Kate’s Book Club Reflections

Kate Shurety

25 Nov 2021

As we approach the end of the year it always feels appropriate to take stock and generally reflect. This time last year felt very bleak – infection and death rates were escalating with the emergence of the then new Delta variant of Covid 19, the NHS was experiencing overwhelming demand, the economy was in freefall with growing and increasingly complex social needs emerging across the country and the vast majority of people felt disconnected from their normal lives and relationships. 

A year on – some of these challenges are on the verge of feeling intractable although they no longer have the strangeness and absurdity of the new that they held last December. 

Yet I am probably feeling more fired up and positive as I contemplate what comes next in 2022.

So, what has changed?

Firstly, I probably need to qualify the word’ positive here’ – it does not necessarily mean optimistic. I mean I feel actively engaged, focussed on the actions and impact I can have rather than the comfortable negativity that often accompanies my own tendency to apathy. 

One of the things that has kept me positive in this sense, and focussed on the difference I can make in the present, has been the Civil Society Book Club for Wellbeing and Connection. When I was first approached by Mark to host the first couple of sessions it felt like an interesting way to connect with some new ideas and interesting people – and also a commitment to do something – even if that doing was something as simple and quiet as reading a book.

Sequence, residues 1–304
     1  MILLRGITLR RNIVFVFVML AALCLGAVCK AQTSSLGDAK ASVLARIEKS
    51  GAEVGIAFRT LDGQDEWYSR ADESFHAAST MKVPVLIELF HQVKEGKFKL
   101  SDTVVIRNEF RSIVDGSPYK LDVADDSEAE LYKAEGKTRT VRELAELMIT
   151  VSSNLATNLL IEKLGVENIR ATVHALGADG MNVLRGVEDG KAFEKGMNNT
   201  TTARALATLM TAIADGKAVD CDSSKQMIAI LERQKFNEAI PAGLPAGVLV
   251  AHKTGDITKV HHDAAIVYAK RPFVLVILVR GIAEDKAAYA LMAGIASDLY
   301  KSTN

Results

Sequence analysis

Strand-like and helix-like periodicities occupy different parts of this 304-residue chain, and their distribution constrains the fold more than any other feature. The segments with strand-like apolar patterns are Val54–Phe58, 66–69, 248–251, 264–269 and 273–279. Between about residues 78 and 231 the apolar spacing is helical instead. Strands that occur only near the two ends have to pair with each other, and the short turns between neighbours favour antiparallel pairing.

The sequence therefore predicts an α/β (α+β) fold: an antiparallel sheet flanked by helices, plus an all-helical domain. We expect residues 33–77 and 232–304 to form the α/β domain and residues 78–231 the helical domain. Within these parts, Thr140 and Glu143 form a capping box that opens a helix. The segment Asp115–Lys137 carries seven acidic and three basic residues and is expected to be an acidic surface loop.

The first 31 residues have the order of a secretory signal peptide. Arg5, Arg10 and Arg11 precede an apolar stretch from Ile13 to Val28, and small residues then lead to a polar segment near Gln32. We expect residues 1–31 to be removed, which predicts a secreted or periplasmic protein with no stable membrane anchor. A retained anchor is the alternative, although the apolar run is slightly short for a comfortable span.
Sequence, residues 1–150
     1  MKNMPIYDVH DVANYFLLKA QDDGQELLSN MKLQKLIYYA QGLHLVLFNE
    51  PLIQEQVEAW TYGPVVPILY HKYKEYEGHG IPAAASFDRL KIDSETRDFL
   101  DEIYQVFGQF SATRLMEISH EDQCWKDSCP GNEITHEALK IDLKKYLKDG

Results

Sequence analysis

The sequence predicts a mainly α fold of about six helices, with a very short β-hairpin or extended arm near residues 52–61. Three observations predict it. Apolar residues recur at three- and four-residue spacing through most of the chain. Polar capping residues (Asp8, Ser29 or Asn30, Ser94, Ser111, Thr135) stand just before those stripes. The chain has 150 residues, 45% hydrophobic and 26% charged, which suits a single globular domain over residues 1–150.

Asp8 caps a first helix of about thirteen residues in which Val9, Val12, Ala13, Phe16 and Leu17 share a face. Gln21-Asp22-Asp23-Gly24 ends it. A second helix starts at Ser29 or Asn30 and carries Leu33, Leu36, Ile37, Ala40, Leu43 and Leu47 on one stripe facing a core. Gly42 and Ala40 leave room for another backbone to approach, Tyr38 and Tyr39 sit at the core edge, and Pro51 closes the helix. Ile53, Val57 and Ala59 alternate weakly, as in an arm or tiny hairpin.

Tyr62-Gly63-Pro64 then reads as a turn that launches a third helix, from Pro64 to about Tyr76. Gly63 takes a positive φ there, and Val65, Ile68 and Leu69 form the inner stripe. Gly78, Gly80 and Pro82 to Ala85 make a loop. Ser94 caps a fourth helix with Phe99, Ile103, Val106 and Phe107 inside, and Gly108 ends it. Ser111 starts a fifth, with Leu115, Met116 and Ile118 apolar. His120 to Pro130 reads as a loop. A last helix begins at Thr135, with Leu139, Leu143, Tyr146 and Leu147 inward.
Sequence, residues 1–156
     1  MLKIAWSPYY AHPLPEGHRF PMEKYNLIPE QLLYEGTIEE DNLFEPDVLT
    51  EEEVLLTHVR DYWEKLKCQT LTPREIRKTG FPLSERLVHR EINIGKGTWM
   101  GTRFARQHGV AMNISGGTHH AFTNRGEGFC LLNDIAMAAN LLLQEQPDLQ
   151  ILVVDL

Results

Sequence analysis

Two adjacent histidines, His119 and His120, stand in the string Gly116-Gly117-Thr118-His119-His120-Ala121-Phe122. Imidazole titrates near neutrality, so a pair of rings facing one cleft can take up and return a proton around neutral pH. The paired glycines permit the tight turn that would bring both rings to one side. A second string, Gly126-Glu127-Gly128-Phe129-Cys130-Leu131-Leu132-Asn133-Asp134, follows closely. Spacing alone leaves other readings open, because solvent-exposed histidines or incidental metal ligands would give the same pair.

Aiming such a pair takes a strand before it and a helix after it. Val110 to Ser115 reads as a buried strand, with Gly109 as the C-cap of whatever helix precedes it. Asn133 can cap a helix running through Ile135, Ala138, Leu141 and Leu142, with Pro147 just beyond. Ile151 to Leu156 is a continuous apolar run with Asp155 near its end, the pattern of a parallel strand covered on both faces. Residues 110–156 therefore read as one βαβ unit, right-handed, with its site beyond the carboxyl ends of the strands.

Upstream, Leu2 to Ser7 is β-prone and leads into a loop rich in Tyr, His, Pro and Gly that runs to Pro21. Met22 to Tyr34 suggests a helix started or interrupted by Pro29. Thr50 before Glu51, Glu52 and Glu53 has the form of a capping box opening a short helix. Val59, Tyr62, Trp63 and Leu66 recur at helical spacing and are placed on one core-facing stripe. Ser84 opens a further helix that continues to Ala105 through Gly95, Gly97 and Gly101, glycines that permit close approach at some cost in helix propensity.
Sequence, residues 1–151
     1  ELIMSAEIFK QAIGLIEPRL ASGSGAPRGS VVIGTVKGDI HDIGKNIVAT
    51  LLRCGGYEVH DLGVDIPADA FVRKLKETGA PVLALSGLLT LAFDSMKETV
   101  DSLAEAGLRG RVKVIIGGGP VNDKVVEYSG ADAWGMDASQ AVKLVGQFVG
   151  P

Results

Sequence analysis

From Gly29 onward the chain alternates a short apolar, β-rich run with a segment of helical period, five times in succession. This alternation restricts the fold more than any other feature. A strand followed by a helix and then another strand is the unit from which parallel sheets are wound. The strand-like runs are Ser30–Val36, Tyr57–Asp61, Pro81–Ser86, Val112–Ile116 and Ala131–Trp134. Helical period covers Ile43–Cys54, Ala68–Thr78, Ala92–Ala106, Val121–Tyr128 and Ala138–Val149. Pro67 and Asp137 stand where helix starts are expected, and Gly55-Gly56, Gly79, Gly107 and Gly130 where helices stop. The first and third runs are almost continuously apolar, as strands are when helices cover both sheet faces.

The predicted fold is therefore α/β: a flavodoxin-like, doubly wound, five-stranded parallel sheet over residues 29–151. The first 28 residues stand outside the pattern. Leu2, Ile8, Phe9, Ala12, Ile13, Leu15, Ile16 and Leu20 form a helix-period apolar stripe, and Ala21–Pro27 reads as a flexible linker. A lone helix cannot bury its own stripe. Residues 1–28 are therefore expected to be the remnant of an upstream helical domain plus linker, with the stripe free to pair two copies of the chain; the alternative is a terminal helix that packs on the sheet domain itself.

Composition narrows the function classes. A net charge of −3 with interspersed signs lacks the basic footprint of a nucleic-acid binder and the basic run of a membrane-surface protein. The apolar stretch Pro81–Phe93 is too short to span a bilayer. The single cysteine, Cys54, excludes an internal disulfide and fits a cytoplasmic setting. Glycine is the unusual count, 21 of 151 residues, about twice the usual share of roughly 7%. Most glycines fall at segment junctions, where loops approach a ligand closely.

A year on, our book club has read some incredible, thought-provoking books and shared our responses to them with their authors – an impressive line-up by any accounts – and full credit and gratitude to each and every one of these authors who have generously shared their time in dialogue with us. 

With them, we have considered our relationship with the natural world through acts of gardening; why our current era risk being one of increasing loneliness and alienation; how our common history of Empire is something we would do well to confront together; the biological and evolutionary nature of our need to form friendships; whether we can re-establish a relationship with work that provide purpose meaning and dignity for all; and why our society’s current divisions are deepening and the simple actions we can take to enlarge our social circles and acquaint ourselves with people of different outlooks. 

Finally, our last book is providing us with an international and deeply personal perspective  on some of these same themes and injected us with poetry too – how to deal with the sometimes crushing sense of impotence in the face of the daily news and emerge still with our humanity and need for human connection intact and active.  

We are really looking forward to our book club event on 7 December with Ece Temelkuran to discuss her latest book Together: 10 Choices for a better now and I am sure we will also touch on her previous work How to Lose a Countryhttps://www.eventbrite.com/e/170998690687

All of these books have not only kept me reading but also ensured my brain and heart have been nourished through the year. Some of the learning we have done as a group is now feeding into our daily work – most of us work within civil society (Third sector/ VCSE sector  – we have a range of identities) and from these encounters we are building our own ‘resolutions’  – the actions, big and small that we will take into 2022 to create and sustain impact – as well as preserve that important sense of agency we all need. 

Our first book next year will be Deep Adaptation: navigating the Realities of Climate Chaos – so plenty to get our teeth into there: https://www.eventbrite.com/e/202897942207

Please feel free to join us and extend the invitation far and wide. And send suggestions for what should be on our bookshelf in 2022 to mark@civilsocietyconsulting.co.uk.

And look out for our New Year’s Resolutions drawing on the lessons we have taken on board this year.

*Our 2021 Reading list

  • The Well Gardened Mind, Sue Stuart-Smith
  • The Lonely Century, Noreena Hertz
  • Empireland, Satnam Sanghera
  • Friends, Robin Dunbar
  • The Dignity of Labour, Jon Cruddas
  • Fractured, Jon Yates
  • Together, Ece Temelkuran

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